Missouri Gov. Mike Parson in July signed into law a hotly contested measure that greatly increases penalties for some violations of criminal law. The penalties are rising for second-degree murder and criminal acts that involve firearms or are gang-related. The new penalties go into effect when the law becomes active on Aug. 28.
Vehicle hijacking felony created
Car-jacking is a commonly known crime of violence that Missouri prosecutors previously dealt with through the state’s robbery laws. The newly enacted criminal law creates the felony crime of vehicle hijacking and enhances penalties for other violent crimes and gang-related crimes. That means no more robbery prosecutions for those accused of hijacking a vehicle and likely stiffer penalties.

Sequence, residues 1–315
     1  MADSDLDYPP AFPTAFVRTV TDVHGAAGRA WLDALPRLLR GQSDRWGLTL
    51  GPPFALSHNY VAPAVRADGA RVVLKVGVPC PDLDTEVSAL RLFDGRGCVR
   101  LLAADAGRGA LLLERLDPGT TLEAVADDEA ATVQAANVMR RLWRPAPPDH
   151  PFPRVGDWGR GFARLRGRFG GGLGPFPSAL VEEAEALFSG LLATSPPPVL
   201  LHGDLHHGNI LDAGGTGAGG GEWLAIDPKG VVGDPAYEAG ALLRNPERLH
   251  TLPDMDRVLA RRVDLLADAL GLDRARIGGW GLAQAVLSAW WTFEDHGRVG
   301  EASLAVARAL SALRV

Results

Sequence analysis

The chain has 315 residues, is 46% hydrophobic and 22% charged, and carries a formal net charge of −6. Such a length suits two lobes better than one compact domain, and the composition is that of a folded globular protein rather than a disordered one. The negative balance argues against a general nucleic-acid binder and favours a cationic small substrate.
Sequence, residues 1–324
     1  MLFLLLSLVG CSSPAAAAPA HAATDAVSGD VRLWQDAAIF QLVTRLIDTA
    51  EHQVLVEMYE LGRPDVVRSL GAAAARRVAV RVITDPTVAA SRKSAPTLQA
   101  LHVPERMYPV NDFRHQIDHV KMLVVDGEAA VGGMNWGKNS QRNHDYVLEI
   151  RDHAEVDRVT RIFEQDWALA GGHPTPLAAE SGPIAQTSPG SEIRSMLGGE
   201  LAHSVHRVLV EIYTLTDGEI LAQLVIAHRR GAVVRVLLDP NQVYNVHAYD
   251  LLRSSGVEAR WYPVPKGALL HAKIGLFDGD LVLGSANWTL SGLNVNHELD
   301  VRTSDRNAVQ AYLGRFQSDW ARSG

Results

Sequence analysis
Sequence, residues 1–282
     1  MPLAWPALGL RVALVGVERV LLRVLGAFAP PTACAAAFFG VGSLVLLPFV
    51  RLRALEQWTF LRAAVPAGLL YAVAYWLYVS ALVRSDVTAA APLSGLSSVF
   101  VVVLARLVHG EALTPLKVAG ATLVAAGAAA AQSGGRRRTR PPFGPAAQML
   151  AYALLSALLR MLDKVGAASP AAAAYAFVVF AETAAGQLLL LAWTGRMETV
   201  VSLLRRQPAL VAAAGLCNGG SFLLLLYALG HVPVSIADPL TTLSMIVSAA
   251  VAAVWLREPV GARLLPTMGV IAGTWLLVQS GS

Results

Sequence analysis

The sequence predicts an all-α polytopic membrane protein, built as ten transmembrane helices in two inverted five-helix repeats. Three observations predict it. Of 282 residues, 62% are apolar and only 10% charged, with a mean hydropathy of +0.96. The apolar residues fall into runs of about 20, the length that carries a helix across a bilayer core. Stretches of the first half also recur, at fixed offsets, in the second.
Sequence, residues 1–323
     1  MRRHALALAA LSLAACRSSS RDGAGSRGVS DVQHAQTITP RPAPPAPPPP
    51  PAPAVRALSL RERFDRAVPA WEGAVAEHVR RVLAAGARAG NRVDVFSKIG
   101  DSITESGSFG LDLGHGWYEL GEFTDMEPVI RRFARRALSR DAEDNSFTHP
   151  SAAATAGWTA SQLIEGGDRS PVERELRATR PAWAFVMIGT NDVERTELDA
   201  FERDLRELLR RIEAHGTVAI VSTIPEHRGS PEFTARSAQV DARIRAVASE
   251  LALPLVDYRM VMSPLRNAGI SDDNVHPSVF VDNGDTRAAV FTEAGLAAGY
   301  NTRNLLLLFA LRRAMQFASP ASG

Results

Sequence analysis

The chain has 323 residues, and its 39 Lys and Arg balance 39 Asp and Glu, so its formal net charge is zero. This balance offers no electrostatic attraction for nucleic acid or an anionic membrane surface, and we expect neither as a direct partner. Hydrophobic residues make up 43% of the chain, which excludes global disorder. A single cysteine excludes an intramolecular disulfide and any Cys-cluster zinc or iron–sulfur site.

Many Missouri groups oppose new criminal law penalties
The NAACP leads a prominent group of organizations opposed to the increased criminal penalties and says putting people in prison for longer periods will do nothing to reduce crime. Meanwhile, among organizations supporting tougher criminal penalties, the Missouri Association of Prosecuting Attorneys says the new law does not do enough to stifle a recent increase in violent crime in St. Louis, Kansas City, and Springfield. Whether opposed to the new criminal law penalties or generally supportive, virtually all agree violent crime is on the rise and a problem in Missouri’s big cities.
Potential impacts on current prosecutions and sentencing guidelines
With new criminal laws and related penalties taking effect on Aug. 28, those defendants who are accused of criminal acts need to ensure their cases are handled accordingly. A judge or prosecutor might mistakenly apply the new law and penalties to preexisting cases that should not be affected by the changes. An experienced St. Louis criminal law attorney can help to ensure rights are upheld and proper sentencing applies in convictions.